Save Every Change, Improving the Process

System Trading

Jun 18

In my recent exploratory analysis and back testing, I have started to employ the formal process of capturing the entire change history of my work. Programmers have long made use of the concept of “version control” or “revision control” which is the formal process of saving all the modifications of a program’s source code to a database. This is done primarily for debugging purposes. For the purposes of strategy development, there are additional significant benefits such as, having the entire state history which can be used to see how many revisions were made during the development of a strategy– which might be useful during the meta-analysis process of analyzing the likelihood of a statistically significant finding, to document all ideas that transpired over the development for future exploration, and as a way to document previous ideas to avoid repeating the same work.

Tradestation’s Easylanguage editor and most other editors do not provide for this functionality out of the box. So, what I do is simply to comment out each line or section that I will modify, and then copy and paste that line for modications. A hypothetical example of what this looks like is shown below:

//Buy = Average(Close,5) cross over Average(Close,10);
//Buy = XAverage(Close,5) cross over XAverage(Close,10);
{ Buy = Highest(Buycondition,5) >=1 and Close < Open; }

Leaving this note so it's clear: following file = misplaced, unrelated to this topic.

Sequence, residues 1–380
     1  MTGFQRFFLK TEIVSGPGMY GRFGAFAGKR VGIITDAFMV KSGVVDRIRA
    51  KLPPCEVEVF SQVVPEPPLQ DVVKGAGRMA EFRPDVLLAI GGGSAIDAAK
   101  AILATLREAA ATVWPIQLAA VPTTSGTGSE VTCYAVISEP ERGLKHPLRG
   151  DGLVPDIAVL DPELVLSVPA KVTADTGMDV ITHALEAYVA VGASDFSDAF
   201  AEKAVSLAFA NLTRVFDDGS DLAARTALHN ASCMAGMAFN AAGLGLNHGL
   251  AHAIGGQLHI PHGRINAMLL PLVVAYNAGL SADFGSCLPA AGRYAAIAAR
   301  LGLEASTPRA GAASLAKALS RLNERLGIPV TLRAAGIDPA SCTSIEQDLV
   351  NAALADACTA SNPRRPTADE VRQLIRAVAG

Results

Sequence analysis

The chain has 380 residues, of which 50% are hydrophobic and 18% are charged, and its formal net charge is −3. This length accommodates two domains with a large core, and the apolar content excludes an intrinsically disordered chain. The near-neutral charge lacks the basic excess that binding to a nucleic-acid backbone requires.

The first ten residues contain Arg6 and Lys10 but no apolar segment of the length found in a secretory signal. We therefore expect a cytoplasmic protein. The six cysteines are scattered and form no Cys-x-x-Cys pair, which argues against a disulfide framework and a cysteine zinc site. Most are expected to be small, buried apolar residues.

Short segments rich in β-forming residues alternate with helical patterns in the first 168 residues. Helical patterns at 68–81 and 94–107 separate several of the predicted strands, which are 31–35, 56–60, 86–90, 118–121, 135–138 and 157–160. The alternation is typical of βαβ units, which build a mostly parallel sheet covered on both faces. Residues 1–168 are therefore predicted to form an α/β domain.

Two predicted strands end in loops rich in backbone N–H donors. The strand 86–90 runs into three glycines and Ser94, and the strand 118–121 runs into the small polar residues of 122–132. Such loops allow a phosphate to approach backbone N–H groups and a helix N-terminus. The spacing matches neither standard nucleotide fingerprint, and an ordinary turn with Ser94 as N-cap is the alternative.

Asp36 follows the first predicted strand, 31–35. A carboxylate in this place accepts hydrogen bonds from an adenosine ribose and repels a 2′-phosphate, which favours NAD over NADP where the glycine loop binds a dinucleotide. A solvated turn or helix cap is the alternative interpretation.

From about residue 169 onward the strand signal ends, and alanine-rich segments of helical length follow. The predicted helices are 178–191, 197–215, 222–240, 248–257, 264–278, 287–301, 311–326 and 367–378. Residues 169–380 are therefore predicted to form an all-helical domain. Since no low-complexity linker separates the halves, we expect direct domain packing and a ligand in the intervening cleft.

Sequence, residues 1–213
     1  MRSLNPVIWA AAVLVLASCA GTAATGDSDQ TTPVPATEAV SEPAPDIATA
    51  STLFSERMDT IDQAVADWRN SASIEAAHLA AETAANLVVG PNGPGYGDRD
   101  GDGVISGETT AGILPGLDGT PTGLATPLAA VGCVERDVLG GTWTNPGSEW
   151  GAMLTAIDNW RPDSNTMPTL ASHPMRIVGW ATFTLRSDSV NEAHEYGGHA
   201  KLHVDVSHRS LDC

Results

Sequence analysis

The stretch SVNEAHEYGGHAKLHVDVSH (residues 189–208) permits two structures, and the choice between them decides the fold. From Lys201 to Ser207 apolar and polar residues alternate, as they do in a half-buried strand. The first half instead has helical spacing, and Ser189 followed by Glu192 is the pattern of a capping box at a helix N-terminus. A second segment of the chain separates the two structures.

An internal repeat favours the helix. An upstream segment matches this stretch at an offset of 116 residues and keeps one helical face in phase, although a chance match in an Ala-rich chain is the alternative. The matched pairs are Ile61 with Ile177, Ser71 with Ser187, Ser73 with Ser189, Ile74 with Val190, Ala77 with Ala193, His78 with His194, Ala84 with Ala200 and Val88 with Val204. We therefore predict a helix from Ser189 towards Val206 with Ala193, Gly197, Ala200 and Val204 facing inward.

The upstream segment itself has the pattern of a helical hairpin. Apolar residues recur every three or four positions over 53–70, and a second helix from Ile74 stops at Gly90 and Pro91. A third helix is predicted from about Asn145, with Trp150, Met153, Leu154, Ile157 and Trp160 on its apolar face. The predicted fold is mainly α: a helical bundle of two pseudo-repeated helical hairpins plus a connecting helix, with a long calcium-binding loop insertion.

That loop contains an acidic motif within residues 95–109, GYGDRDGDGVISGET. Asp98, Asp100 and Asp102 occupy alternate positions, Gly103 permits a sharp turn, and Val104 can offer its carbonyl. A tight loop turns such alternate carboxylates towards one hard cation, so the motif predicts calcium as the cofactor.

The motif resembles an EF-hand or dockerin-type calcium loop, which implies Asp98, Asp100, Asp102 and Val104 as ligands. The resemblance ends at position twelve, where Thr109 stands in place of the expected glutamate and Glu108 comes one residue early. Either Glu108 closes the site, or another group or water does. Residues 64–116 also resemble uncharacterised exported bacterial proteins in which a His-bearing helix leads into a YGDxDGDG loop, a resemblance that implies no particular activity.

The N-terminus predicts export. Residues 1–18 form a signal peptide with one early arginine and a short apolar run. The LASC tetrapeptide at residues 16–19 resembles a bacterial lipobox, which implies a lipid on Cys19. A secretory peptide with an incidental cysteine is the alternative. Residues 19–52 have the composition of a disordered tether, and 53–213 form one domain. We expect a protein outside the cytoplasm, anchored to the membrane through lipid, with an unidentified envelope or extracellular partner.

All semantically correct and compiling modifications are stored in the history of the comments. Of course, if I am working from an existing strategy that has shown value then I will save the new version as a revision, as well.

One extra tip for Tradestation, as an alternative for studies or indicators and to avoid too much file duplication, I will add a conditional switch which can be used to make an indicator work in two or more ways. Example shown below

//An indicator study can be made to work in different ways 
//by using a mode state/switch variable
inputs:
OperationalMode(0);

if OperationalMode = 0 then begin
//do stuff for mode 0 here
end

if OperationalMode = 1 then begin;
//do stuff for mode 0 here
end

If you do not have a process for documenting your changes then you may want to give it a try: it only takes a few seconds to copy, paste, and comment out the code. And, the rewards are that you have a complete record, a complete memory, of your work. And, if you have an existing method that works well then please do share it in the comments below!

About the Author

Curtis is passionate about markets. He has developed top ranked futures strategies. His core focus is (1) applying machine learning and developing systematic strategies, and (2) solving the toughest problems of discretionary trading by applying quantitative tools, machine learning, and performance discipline. You can contact him at curtis@beyondbacktesting.com.

    • Curtis says:

      Simple explanation: as I develop a strategy, instead of simply making changes to the code to improve it, I comment out previous code so that in the future I can see every change that I ever made to it. The idea is basically so that in the future, instead of just seeing the strategy as it existed as the end product, I can see the complete history of the process that I used. Hope it helps!

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